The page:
FDA, HHS allow states to import drugs from Canada

The FDA and HHS will now allow importation of prescription drugs from Canada, a move the White House says will bring Americans savings for their medications.

The final rule released by President Donald Trump’s administration permits states to purchase drugs from Canada, which are often much cheaper than drugs manufactured in the U.S. since the country’s laws put a cap on how much drugmakers can charge. States that have already sought federal permission to import drugs from Canada include Florida, Colorado, Maine, Vermont, New Hampshire and New Mexico.

The federal government has permitted the importation of prescription drugs since 2000, stipulating that HHS must certify the importation is safe. Such an event has never occurred until Sept. 23, when the department’s secretary, Alex Azar, wrote a letter to lawmakers granting states permission to import drugs from Canada.

The American pharmaceutical industry has historically opposed importing drugs from other countries, as drugmakers often argue such practices would disrupt the country’s supply chain and bring in counterfeit drugs.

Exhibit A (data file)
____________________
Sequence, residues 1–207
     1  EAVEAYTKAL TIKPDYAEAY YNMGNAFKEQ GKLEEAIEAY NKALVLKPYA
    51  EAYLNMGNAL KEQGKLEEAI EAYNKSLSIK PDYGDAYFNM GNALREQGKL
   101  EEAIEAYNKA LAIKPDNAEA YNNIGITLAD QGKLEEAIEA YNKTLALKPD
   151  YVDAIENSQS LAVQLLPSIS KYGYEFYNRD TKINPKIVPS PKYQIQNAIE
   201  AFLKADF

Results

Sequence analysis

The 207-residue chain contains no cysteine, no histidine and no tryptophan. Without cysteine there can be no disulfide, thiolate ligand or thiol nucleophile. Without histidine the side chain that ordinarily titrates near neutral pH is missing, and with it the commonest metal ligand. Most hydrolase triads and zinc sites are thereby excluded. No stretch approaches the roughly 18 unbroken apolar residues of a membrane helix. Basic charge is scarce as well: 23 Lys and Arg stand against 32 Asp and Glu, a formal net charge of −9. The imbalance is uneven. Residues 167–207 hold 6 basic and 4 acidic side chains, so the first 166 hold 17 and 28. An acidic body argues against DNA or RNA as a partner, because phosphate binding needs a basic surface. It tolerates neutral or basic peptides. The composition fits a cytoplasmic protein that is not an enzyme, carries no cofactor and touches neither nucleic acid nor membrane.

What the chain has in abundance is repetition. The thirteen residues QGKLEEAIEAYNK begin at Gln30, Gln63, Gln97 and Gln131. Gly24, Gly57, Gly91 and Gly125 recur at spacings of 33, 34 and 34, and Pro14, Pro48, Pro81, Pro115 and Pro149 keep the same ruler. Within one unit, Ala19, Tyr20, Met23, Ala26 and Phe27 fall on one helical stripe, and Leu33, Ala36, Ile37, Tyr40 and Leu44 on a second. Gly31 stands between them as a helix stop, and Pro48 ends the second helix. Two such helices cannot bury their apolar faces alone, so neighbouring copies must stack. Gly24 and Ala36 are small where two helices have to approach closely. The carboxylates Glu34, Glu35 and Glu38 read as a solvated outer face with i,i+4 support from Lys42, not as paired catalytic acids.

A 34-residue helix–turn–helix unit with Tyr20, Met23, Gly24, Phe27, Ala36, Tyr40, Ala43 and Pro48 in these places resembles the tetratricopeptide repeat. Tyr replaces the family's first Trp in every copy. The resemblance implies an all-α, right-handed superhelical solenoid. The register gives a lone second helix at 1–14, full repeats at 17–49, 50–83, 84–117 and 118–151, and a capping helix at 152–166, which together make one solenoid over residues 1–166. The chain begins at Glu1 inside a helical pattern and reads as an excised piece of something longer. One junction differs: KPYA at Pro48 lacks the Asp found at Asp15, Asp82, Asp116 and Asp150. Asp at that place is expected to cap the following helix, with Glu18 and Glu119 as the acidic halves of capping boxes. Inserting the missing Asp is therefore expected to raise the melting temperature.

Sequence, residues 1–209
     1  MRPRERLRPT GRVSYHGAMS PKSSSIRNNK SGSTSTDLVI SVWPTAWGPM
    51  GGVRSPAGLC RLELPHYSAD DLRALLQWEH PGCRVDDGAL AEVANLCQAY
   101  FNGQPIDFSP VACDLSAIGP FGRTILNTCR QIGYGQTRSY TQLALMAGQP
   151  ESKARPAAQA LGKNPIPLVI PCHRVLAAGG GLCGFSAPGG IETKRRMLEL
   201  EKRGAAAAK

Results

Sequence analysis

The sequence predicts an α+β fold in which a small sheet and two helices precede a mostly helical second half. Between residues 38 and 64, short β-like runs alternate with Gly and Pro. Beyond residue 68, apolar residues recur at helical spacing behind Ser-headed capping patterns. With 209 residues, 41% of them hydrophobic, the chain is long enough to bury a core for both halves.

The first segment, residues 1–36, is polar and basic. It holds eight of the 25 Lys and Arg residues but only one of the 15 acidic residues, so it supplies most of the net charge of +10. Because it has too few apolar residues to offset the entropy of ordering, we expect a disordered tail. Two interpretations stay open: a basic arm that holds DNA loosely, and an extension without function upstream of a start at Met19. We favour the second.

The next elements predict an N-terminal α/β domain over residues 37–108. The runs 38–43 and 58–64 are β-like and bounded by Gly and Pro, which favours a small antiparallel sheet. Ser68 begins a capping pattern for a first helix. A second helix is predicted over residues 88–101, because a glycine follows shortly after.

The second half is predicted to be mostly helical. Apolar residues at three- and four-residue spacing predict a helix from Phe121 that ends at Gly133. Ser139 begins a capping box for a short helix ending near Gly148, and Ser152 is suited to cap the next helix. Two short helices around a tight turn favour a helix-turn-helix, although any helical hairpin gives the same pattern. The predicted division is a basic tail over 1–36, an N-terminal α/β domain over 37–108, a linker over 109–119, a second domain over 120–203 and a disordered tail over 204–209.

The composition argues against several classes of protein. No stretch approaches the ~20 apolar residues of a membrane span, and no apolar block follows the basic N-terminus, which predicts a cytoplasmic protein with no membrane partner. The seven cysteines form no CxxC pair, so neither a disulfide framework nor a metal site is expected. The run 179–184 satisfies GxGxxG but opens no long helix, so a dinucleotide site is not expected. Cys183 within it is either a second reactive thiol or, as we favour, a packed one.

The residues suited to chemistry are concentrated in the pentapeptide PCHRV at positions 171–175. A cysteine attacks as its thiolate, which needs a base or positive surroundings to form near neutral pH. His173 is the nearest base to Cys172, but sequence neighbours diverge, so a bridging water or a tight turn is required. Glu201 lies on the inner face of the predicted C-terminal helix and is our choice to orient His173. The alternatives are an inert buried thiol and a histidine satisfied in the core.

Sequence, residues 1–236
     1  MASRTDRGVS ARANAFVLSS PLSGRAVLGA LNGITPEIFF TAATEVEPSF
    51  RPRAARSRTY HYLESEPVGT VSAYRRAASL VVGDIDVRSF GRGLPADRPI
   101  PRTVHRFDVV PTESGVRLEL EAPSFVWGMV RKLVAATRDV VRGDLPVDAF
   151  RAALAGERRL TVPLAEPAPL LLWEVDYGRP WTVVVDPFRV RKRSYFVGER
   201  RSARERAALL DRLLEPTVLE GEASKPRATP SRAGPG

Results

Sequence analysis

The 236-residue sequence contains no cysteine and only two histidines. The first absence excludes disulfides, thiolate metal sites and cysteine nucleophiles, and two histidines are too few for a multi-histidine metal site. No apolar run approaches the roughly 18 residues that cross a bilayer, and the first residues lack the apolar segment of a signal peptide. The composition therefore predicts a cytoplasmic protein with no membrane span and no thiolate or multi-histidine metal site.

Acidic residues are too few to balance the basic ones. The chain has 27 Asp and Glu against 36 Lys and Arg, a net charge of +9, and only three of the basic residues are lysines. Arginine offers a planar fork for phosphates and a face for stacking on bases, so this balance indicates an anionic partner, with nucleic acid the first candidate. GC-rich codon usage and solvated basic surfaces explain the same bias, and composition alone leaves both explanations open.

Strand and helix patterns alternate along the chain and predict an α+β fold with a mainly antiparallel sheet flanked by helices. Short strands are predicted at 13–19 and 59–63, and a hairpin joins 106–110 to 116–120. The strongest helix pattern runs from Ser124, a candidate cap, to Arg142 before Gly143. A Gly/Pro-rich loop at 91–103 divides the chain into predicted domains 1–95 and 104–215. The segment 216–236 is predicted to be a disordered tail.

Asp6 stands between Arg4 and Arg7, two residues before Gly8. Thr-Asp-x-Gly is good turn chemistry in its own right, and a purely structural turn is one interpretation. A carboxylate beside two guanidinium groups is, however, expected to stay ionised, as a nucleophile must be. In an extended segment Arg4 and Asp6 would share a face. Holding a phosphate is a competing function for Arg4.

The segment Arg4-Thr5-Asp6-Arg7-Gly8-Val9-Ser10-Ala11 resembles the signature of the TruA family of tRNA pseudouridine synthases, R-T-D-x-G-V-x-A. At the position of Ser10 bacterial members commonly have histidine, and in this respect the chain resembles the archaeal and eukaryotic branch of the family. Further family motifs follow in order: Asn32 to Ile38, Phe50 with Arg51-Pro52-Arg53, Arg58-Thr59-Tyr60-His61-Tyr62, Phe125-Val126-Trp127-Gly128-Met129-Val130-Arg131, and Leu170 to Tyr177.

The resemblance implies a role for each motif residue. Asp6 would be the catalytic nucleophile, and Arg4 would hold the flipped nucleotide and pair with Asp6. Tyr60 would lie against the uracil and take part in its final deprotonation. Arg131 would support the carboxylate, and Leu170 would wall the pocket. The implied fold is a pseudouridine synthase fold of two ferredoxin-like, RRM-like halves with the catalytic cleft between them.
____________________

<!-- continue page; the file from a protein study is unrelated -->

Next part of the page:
The administration’s final rule states that “such importation poses no additional risk to public safety and results in lower costs to American patients.”

More articles on pharmacy:
Children last in line for COVID-19 vaccine, lack clinical trial representation
FDA now requiring boxed warning for benzodiazepines
Cuomo to form review council for COVID-19 vaccines, says he’s wary of approval process politicization


© Copyright ASC COMMUNICATIONS 2020. Interested in LINKING to or REPRINTING this content? View our policies by clicking here.